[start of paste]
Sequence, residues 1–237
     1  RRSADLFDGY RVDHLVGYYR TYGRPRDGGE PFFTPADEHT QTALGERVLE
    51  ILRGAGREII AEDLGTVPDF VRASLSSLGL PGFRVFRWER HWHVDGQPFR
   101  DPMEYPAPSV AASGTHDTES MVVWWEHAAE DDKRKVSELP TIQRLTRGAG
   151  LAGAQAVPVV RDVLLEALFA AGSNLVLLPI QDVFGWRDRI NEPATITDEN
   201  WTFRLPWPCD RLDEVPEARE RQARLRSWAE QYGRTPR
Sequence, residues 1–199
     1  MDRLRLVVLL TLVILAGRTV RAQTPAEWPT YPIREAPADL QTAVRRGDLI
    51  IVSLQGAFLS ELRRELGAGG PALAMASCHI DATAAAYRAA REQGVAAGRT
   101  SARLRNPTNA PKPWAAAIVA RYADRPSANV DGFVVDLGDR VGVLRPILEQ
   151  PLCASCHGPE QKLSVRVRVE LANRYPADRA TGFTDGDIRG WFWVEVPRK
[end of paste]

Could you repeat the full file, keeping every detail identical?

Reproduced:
Sequence, residues 1–237
     1  RRSADLFDGY RVDHLVGYYR TYGRPRDGGE PFFTPADEHT QTALGERVLE
    51  ILRGAGREII AEDLGTVPDF VRASLSSLGL PGFRVFRWER HWHVDGQPFR
   101  DPMEYPAPSV AASGTHDTES MVVWWEHAAE DDKRKVSELP TIQRLTRGAG
   151  LAGAQAVPVV RDVLLEALFA AGSNLVLLPI QDVFGWRDRI NEPATITDEN
   201  WTFRLPWPCD RLDEVPEARE RQARLRSWAE QYGRTPR
Sequence, residues 1–199
     1  MDRLRLVVLL TLVILAGRTV RAQTPAEWPT YPIREAPADL QTAVRRGDLI
    51  IVSLQGAFLS ELRRELGAGG PALAMASCHI DATAAAYRAA REQGVAAGRT
   101  SARLRNPTNA PKPWAAAIVA RYADRPSANV DGFVVDLGDR VGVLRPILEQ
   151  PLCASCHGPE QKLSVRVRVE LANRYPADRA TGFTDGDIRG WFWVEVPRK